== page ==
PVD: Hmm...maybe, yes. But At the same time, I wouldn't say it's too necessary. 'cos some of the most beautiful songs even that have been written are sort of just very easy 3 notes kind of things. And still are very intense, you know? I think really it is about what you actually want to do - what will you achieve, what will you actually have people thinking about after they listen to a certain track. Like in "Time of Our Lives" I'm not mentioning the Palestine-Israeli conflict that was the initial inspiration. I'm not actually mentioning the Israeli soldiers flying into the Palestinian areas and killing innocent people. I'm not actually mentioning a weirdo Palestinian blowing himself up in the middle of Israelis and killing innocent Israelis once. But people know what's going on if they want to.

M-WEB: Do you think the mood of the music actually communicates that emotionally?
PVD: Hopefully. This is definitely what I am trying to do and if it reaches people then obviously it worked out. It wouldn't have worked to have the whole "Like a Friend" issue with a banging up in the air situation for a club. Even the more clubby version is really laid back, you know? But the thing is you can still listen to it as just a beautiful piece of music, as a beautiful song you like listening to. If you want to dig deeper you find something that's gets you thinking.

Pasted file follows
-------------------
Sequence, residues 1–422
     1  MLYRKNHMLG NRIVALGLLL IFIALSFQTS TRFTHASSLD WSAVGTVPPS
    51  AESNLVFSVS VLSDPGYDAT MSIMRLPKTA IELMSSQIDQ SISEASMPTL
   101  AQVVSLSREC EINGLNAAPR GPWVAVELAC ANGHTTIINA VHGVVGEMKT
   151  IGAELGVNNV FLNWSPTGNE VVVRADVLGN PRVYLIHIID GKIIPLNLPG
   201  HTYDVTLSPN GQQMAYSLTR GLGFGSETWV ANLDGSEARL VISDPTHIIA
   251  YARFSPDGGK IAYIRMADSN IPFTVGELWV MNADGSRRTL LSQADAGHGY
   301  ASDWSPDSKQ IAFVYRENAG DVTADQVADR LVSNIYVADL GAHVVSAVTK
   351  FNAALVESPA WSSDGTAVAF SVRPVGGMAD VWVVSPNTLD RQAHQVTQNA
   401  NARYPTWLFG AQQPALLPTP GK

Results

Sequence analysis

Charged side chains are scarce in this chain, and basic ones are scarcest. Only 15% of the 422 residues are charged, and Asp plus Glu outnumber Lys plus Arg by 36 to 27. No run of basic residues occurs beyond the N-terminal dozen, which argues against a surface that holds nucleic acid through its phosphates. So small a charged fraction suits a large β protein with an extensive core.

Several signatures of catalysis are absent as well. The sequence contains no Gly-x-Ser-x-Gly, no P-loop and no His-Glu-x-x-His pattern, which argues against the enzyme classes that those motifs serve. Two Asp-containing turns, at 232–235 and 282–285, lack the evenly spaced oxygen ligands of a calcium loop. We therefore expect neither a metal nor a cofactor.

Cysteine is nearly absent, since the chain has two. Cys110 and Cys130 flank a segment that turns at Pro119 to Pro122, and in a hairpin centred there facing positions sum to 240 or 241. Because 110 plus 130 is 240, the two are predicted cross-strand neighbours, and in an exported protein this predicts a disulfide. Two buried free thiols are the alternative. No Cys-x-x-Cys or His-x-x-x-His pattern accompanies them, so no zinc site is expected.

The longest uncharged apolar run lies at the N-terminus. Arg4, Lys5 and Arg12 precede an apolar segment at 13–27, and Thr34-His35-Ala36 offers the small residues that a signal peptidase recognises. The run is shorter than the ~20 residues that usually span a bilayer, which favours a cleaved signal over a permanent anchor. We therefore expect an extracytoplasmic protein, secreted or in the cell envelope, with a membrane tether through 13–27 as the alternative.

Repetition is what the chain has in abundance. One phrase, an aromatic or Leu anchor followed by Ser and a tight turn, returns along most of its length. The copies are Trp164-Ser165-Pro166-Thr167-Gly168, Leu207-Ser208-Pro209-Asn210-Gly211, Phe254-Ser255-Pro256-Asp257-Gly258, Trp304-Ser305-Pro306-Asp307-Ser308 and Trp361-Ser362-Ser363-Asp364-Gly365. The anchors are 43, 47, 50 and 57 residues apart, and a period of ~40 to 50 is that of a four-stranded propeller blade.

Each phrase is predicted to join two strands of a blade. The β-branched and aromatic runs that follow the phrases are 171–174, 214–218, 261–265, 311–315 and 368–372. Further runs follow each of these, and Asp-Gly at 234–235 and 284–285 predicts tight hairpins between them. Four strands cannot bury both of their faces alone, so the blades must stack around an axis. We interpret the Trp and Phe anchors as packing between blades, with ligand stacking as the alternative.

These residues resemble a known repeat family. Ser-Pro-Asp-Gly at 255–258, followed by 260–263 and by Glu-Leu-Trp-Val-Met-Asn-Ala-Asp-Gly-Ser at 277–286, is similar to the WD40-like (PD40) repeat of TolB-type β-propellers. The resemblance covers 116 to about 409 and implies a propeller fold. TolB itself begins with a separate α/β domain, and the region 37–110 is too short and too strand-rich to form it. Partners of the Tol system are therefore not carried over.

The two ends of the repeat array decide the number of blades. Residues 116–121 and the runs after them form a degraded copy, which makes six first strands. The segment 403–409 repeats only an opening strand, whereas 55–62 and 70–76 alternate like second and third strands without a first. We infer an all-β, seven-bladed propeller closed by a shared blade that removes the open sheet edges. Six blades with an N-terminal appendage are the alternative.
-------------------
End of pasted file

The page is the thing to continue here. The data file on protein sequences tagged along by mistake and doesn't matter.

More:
M-WEB: So why is that critics are so unwilling to dig deeper when it comes to electronic dance music?
PVD: I think this has something to do with the usual understanding of it all. If you look at the first so-called critically acclaimed artists like the Chemical Brothers, to me now they're maybe turning a little bit more back into it, but back then it was basically a modern form of rock 'n roll music. If you see Prodigy, sorry, this is pure rock in a modern sense. It had nothing to do with the club music at all. So whatever was referred to as actually being electronic music never really heard a song of Prodigy or Chemical Brothers ever being played in a club, you know? That's the truth.

M-WEB: Are you ever bothered by lukewarm reviews?
PVD: First of all, what's the purpose of music? Why in the hell would I try to actually convince someone who doesn't even like my music that it is anything worthy? I wouldn't. The real criticism would come from people who actually know where I'm musically coming from. What I'm doing, what I want to do and then basically trying to figure out if I actually was able to achieve what I said I wanted to achieve. That would be real criticism of a record. I don't really care if a rock 'n roll guy understands my music or not. I don't care if a stiff minded electronica freak actually thinks there's too much vocals on it. I don't care. I just don't care!

Veteran dance music pioneer Paul van Dyk is not your average beat mixing deck jockey. Since the late 80s he's helped transport techno, house and trance from the electronic music underground into a full blown mainstream dance phenomenon. He's an artist, a producer and yes, a songwriter whose atmospheric soundscapes reveal a relentless pursuit of a beat that transcends the cul-de-sac of mere dance-floor euphoria. You see PVD's dance music has a message. On his new album Reflections he deftly publishes all comments posted on articles provided that they adhere to our Comments Policy. Should you wish to report a comment for editorial review, please do so by clicking the 'Report Comment' button to the right of each comment.